Arthritis in dogs and cats is often overlooked as the symptoms appear gradually over time. There are varying degrees of joint degeneration but for the sake of argument, throughout this post we will refer to all conditions as ‘arthritis’
Ask yourself these questions about your pet……
Is your pet slowing down on walks?
Does your pet appear lame or stiff after getting up?
Is your pet reluctant to jump up to the sofa / bed / car?
Does your pet cry or act unnaturally when approached or handled?
Is your pets coat out of condition?
If you answered yes to any of these questions your pet may be suffering from arthritis – speak to your vet about what you can do to help your pet enjoy the most of their old age and be pain free.
What is Arthritis?
Arthritis – inflammation of the joints.
Osteoarthritis – arthritis caused by deterioration of joint cartilage.
Degenerative Joint Disease (DJD) – another commonly used term for osteoarthritis.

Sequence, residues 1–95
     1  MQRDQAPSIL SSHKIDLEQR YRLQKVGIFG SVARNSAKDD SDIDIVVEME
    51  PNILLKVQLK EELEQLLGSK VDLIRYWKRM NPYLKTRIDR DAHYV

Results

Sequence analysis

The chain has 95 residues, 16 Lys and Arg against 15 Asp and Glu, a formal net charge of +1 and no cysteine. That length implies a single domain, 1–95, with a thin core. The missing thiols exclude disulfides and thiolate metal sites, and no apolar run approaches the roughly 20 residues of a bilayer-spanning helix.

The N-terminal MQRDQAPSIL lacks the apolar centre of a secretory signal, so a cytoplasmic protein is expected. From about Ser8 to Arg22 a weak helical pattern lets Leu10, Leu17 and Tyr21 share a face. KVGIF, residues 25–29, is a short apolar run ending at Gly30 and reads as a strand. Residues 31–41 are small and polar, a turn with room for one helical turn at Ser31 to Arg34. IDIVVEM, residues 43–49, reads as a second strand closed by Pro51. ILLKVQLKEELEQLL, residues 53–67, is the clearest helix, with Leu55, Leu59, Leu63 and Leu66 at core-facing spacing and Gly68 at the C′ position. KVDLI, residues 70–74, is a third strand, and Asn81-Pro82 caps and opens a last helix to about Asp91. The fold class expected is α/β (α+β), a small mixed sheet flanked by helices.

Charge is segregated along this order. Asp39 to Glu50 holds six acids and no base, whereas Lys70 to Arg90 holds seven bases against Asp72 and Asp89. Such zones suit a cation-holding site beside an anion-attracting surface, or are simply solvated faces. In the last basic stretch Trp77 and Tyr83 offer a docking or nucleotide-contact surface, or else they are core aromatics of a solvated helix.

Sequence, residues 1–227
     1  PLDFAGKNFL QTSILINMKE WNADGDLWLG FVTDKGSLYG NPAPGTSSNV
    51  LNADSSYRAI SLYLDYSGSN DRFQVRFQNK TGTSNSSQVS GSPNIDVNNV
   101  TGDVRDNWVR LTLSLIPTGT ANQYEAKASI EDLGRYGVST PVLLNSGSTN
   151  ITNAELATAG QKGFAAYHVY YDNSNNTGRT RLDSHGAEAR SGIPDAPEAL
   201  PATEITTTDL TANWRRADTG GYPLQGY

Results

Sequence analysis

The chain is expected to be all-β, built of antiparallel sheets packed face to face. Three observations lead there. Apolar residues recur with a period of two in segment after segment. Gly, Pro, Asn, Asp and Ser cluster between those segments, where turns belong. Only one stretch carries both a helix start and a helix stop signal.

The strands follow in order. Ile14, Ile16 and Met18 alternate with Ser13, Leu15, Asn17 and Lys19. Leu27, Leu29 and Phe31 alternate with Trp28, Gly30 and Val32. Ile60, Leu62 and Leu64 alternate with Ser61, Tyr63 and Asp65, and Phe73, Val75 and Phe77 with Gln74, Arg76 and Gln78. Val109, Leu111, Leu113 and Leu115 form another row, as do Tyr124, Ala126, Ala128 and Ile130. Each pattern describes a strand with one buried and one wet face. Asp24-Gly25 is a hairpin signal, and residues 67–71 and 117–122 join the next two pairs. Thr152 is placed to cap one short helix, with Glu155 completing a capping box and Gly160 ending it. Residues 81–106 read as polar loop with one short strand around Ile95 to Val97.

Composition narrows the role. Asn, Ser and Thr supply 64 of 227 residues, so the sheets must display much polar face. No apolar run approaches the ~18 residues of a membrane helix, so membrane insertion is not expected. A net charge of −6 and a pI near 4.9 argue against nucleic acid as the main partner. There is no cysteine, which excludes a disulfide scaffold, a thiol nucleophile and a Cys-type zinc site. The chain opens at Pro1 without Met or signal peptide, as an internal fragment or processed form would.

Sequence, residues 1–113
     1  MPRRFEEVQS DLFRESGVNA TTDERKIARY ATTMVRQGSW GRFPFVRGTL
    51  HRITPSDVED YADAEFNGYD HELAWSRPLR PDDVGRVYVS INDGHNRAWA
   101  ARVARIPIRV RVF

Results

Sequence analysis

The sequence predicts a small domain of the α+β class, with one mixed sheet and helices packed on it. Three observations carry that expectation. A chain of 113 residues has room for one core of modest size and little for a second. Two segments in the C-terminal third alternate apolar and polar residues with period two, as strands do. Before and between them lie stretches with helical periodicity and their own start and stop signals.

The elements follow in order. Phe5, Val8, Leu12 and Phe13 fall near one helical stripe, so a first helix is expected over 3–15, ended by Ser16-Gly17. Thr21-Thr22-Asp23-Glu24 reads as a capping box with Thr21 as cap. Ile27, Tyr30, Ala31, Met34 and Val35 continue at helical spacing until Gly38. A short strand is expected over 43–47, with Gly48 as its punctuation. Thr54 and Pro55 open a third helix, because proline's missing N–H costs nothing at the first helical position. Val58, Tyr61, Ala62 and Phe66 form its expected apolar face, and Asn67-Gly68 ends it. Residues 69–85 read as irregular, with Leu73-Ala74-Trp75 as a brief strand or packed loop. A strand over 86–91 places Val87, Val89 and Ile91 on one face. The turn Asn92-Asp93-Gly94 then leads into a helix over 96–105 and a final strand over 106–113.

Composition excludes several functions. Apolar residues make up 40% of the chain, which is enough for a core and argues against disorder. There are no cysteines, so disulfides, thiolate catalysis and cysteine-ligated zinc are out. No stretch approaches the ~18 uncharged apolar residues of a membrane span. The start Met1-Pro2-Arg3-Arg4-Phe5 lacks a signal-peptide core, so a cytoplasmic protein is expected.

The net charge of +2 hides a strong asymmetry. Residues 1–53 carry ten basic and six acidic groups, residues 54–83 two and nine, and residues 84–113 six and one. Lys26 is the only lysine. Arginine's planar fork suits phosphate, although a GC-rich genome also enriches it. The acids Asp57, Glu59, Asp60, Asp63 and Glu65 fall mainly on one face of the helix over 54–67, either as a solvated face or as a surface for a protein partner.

Hip Dysplasia – an abnormality of the hip joint in which the hip ‘socket’ does not support the attached limb.
Arthritis (DJD) is a progressive deterioration of the cartilage and surrounding structures of your pet’s joints. Older pets are more at risk of developing arthritis indeed certain breeds of dog are predisposed to the disease (Labradors are the first breed that spring to mind). Certain lifestyles can aggravate the condition but there are steps you can take to help prevent and slow down the degeneration of the joints.
Symptoms of Arthritis
Symptoms of arthritis vary from pet to pet but generally your dog or cat will slow down over a period of time. General signs include slowing down on walks, a reluctance to play or interact with other pets and family members, stiffness when rising especially after a lengthy sleep, not jumping up onto sofa’s/bed’s as they would before, sleeping more than usual particularly in colder weather, an abnormal gait when walking or running, lameness, crying or whining when otherwise out of character, pain when moving and even total collapse in severe cases.